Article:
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Viewing: Blog Posts Tagged with: Nature play, Most Recent at Top [Help]
Results 1 - 6 of 6
1. Exploring outdoors and becoming a museum curator

Sticks are super… but how to broaden our horizons when we’re out exploring? What else could we and the kids look for? How do we learn to identify what we find? Today I’ve once again got one fiction picture book and one non-fiction book that go together really well, and which could help us answer these questions.

Lollipop and Grandpa’s Back Garden Safari by Penelope Harper and Cate James (@catetheartist) is a delightfully playful tale about a young girl and her grandfather exploring their backgarden.

Having packed a rucksack full of sandwiches they launch themselves into the sort of knowing pretend play that my girls adore, imagining that ordinary objects in the garden are actually terrifying and dangerous safari animals. There is the croco-logus emerging from the pond, the snake-pipe slithering across the lawn and the hippo-potta-compost at the end of the vegetable patch, and young and old delight in scaring and being scared by the fates that might befall them if they were to be captured by these wild animals.

The adrenalin filled safari is going thrillingly well until the clothes-lion roars and sends Lollipop and her grandfather rushing back to the safely of their home. With all the familiar, delicious relief that readers and listeners feel with We’re Going on a Bear Hunt by Michael Rosen and Helen Oxenbury, Lollipop and her Grandfather do reach their house just in time, but then comes an unexpected twist – will they actually be safer inside?

Lollipop and Grandpa’s Back Garden Safari is great fun! All about entering into the spirit of things, relishing imaginative play, safely being frightened, and the sheer enjoyment that’s possible when playing outside, this book has become pretty popular in our home. This book really invites you to play the story, to play by the book. My kids think it’s such a hoot when they “see” threatening animals (the apple tree, the water butt, the bamboo sticks) and I act terrified. All powerful M and J have conjured up these creatures which have the power to scare me – the girls just can’t get enough of this!

Cate James‘ textured illustrations have a child-like quality to them, with lots of scribbles, and people with straight arms and legs rather like stick men. For a book which is all about really entering the mind of a young child, this style of illustration works really well.

Pretend safaris (also possible indoors!) are fab! And they complement “real” safaris too. Not, unfortunately to see lions and tigers, of which there are very few roaming the streets in central England, but to explore the animals and natural environments which are on our doorstep.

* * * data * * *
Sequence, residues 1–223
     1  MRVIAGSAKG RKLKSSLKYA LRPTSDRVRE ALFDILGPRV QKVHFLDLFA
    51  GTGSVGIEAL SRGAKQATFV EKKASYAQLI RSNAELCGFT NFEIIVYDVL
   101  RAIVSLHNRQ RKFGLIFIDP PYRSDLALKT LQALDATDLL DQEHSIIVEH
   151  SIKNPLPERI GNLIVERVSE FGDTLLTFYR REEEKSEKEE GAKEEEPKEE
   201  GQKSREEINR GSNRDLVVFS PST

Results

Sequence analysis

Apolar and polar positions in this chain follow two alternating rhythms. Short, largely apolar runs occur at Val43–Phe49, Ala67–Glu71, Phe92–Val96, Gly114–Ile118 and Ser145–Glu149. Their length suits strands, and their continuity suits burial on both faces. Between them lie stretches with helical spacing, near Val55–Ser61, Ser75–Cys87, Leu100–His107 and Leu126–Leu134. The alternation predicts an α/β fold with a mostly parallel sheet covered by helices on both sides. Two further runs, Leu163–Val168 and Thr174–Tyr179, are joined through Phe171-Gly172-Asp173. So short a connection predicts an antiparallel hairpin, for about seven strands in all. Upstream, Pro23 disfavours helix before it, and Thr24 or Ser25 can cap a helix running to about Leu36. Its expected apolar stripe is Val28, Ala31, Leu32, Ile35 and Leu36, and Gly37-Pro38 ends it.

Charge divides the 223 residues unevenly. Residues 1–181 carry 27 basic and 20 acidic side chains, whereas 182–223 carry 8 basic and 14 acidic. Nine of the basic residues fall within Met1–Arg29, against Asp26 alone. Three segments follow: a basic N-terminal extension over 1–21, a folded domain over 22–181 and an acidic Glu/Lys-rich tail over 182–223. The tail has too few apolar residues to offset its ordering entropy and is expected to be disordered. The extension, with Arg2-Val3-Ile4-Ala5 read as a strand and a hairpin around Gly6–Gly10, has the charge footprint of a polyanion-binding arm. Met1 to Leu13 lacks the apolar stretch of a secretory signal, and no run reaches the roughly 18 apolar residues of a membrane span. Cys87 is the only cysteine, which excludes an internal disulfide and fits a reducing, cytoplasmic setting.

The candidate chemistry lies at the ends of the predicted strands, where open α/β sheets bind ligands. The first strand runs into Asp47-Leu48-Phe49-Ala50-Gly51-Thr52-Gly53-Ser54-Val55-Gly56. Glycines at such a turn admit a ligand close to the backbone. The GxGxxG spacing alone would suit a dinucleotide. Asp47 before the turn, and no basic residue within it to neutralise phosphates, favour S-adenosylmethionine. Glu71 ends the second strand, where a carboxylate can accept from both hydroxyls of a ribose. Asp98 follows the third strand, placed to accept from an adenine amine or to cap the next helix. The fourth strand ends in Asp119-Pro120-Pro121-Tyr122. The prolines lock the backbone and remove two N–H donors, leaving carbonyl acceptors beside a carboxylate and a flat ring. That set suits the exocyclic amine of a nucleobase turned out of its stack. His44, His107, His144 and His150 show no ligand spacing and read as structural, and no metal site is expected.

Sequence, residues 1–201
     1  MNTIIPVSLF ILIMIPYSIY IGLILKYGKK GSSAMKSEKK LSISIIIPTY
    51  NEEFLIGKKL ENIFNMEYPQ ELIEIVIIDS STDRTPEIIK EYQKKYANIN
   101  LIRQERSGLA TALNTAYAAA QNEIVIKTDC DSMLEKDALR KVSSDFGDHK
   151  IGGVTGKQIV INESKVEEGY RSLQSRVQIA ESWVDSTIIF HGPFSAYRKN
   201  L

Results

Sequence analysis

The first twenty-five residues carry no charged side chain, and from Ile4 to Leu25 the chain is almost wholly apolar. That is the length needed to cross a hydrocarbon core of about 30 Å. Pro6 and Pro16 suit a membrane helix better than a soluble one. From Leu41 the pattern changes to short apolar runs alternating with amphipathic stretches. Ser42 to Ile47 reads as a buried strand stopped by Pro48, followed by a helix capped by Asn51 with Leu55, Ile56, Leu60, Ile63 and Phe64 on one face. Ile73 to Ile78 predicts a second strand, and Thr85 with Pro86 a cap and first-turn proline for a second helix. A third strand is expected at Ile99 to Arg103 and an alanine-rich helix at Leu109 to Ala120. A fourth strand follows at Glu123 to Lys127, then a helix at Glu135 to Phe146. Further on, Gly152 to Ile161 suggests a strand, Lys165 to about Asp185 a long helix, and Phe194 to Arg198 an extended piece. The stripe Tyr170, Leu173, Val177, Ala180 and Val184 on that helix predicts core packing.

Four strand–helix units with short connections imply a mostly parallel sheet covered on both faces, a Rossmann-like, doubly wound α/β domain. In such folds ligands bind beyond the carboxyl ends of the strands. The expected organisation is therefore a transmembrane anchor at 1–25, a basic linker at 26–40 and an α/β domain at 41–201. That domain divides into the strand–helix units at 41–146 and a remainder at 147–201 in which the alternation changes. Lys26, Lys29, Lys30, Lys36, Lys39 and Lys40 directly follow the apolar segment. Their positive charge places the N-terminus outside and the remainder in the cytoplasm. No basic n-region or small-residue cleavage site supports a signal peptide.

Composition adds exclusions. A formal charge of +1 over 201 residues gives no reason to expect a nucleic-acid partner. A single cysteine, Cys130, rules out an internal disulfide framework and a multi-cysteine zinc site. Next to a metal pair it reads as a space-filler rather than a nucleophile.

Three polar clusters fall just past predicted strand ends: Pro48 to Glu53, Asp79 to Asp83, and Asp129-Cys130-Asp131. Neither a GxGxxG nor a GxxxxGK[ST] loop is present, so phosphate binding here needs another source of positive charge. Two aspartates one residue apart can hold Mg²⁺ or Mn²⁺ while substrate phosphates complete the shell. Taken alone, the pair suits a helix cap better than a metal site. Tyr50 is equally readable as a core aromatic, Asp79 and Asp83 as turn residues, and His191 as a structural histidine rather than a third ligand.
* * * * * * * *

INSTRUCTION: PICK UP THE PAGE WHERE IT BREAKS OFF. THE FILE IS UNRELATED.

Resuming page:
5 Comments on Exploring outdoors and becoming a museum curator, last added: 5/6/2012

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2. All you need is a stick

Things-I-have-learned-as-a-parent number 359: A walk for the sheer fun of it, in our local park or nature reserve, is never complete without a stick.

The sooner the girls can find one which meets their ideals for the day the happier they are. A big one to lean on, a little one to become a wand, a bendy one to be a flag: a stick is an essential acquisition on any sort of exploration.

Image: Daniel Baker

And so it was with some eagerness that I accepted The Stick Book by Jo Schofield and Fiona Danks for review. Would the girls and I get new ideas and be inspired in new ways? Would it encourage us out on those days we were suffering from inertia? Would it make me look with refreshed, delighted eyes at the pile of sticks by our back door that grows and grows and normally has me rolling my eyes in slight desperation?

The Stick Book contains 70 different ideas for using sticks in outdoor play. There are 8 themed chapters, for example one on “Stick games” (including pick up sticks, capture the flag, and tracking with stick), one on “Adventure sticks” (including building dens, swords, catapults and spear throwers) and on on “Watery sticks” (including pooh sticks, making a mini raft and measuring the depth of a stream). Each activity is accompanied by a photograph and tips or brief instructions on the activity in question.

Essentially, this is a craft book, not unlike those you might get from the library packed with Easter crafts or Egyptian crafts. It’s just that this time the unifying theme is outdoor play with sticks. And like many craft books, with the advent of the internet, and great sites like Let the Children Play, the ideas you find within the pages are probably available for free somewhere online, and many of them are so simple (such as playing pooh sticks) that you might wonder if this really is a book worth buying.

It’s definitely worth seeking out. By bringing all the ideas together in one place it IS stimulating. It has motivated the girls and me get our shoes on and go walking and looking for good sticks. M in particular has enjoyed reading the book herself, and choosing an activity she’d like to do. I particularly like the fact that all the people who feature in this book’s photographs are kids. There’s not an adult to be seen in this idyllic, natural landscape full of potential for adventure.